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Re: Nobody Expects the Agile Imposition (Part VI): Architecture

by tilly (Archbishop)
on Jan 23, 2011 at 10:37 UTC ( #883760=note: print w/replies, xml ) Need Help??


in reply to Nobody Expects the Agile Imposition (Part VI): Architecture

Corrections and useful facts for you.

Windows NT was not a rewrite of Windows 95. In fact it was released in 1993, well before Windows 95 got released.

It is unfair to say that Python 3 has adoption problems. In fact the rate of adoption is slightly ahead of what was initially expected.

There are a lot more successful rewrites you can add to the list. For instance Perl 5 is a rewrite of Perl 4, vim is a rewrite of vi, and less is a rewrite of more.

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Re^2: Nobody Expects the Agile Imposition (Part VI): Architecture (Python 3)
by eyepopslikeamosquito (Bishop) on Jan 23, 2011 at 11:58 UTC

    Re Windows 95, thanks for the correction, I'll update the root node. It seems that Windows NT was a rewrite of Windows 3 and that Windows 95 was derived from the Windows 3 code base.

    Python 3: I only claimed it was meeting "substantial resistance". Maybe that's unfair, depending on your interpretation of "substantial", but it's certainly meeting some resistance based on random web chatter on the subject. Well, I'm a Python user and I'm resisting it. ;-) My personal opinion is that breaking backward compatibility was unwarranted for a release with relatively modest improvements. Many businesses with large investments in Python 2.x code will resist Python 3 indefinitely because upgrading will prove too risky and/or too expensive.

    Update: Even a company as wealthy as Google, as of 2017, are still heavily using Python 2. This is hardly surprising. Where is the ROI on spending millions of dollars rewriting millions of lines of already working code, without adding any customer value, while being almost guaranteed to suffer numerous breakages to critical business systems? Curiously, I see some of Google's legacy Python 2 systems are being rewritten in Go perhaps because at least there is some perceived customer value (faster performance) in a Go rewrite. For smaller less wealthy companies, rewriting million of lines of working Python 2 code in Python 3 could well put them out of business. Of course, if you don't have much Python 2 code, switching to Python 3 is a no brainer. Further update: I see Jython is still Python 2 in 2020 and IronPython3 is unfinished. At least Perl doesn't have to worry about updating Java and CLR versions of the language. :)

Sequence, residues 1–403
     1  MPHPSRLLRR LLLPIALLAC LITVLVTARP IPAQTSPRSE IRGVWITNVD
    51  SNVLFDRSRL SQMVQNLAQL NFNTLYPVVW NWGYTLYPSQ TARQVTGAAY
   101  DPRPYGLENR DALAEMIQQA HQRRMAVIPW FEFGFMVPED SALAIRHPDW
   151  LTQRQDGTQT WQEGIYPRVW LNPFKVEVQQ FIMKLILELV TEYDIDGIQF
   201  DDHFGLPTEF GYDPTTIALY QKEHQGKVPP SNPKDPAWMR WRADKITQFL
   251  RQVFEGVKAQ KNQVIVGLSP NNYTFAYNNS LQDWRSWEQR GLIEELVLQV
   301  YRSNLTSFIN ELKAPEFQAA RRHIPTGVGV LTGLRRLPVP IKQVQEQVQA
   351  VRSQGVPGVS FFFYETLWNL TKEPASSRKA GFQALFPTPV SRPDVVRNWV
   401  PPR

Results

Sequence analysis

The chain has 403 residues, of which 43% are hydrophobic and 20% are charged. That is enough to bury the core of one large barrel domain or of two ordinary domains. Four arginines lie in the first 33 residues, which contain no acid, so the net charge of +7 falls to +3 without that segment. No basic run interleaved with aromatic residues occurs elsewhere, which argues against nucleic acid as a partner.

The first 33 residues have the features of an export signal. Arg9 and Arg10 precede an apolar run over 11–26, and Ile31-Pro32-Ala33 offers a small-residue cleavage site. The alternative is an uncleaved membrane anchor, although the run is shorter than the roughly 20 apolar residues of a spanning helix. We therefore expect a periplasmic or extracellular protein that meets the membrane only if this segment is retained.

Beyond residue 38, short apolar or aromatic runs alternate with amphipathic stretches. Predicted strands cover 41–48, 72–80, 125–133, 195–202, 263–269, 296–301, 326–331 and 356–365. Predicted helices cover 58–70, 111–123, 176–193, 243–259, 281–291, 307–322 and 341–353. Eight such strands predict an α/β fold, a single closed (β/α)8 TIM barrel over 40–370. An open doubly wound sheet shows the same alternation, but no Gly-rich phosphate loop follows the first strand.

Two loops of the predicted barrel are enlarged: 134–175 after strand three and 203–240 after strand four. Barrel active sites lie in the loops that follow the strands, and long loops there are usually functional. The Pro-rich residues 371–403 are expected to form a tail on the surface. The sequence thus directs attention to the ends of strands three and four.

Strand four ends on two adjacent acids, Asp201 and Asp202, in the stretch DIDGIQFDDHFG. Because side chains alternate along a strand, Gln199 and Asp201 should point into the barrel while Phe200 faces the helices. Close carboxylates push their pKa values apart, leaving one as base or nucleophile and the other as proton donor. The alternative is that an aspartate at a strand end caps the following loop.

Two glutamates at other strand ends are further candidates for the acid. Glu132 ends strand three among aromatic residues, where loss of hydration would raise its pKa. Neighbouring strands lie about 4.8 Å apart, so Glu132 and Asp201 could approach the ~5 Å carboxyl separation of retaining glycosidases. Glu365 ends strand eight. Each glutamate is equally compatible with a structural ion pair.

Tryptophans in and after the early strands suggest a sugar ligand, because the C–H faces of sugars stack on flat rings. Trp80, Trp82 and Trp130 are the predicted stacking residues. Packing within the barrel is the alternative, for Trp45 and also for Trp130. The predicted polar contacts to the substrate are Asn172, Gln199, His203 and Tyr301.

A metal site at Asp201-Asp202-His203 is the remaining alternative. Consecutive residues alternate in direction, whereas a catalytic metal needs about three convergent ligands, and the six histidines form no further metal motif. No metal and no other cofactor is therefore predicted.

See also:

      It seems that Windows NT was a rewrite of Windows 3

      Absolutely not. Windows NT was an entirely separate, new development of 32-bit code. Ie the Win32 API.

      Win32s was a thunked win32 emulation retrofitted to the 16-bit Windows 3.


      Examine what is said, not who speaks -- Silence betokens consent -- Love the truth but pardon error.
      "Science is about questioning the status quo. Questioning authority".
      In the absence of evidence, opinion is indistinguishable from prejudice.

        Yes I knew that, so maybe I'm using the term "rewrite" imprecisely. To me, it qualifies as a rewrite because Microsoft chose not to adapt the existing Windows 3/95/98 code base for future Windows versions (e.g. Windows XP, Windows Vista) but rather to write a new code base from scratch. How about: Windows NT was a rewrite of the Windows operating system?

        If NT was a re-write of anything, it was a re-write of VMS. ;-)

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